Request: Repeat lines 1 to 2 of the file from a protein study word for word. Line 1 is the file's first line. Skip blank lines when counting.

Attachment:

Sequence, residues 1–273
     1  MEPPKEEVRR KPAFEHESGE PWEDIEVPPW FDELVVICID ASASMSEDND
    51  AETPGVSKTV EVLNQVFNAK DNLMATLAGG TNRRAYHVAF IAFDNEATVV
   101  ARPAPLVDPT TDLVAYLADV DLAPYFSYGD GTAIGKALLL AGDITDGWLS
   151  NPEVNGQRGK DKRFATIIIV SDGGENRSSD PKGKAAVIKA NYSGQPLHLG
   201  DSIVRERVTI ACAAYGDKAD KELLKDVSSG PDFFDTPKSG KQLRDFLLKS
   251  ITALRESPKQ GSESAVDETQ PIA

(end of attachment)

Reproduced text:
Sequence, residues 1–273
     1  MEPPKEEVRR KPAFEHESGE PWEDIEVPPW FDELVVICID ASASMSEDND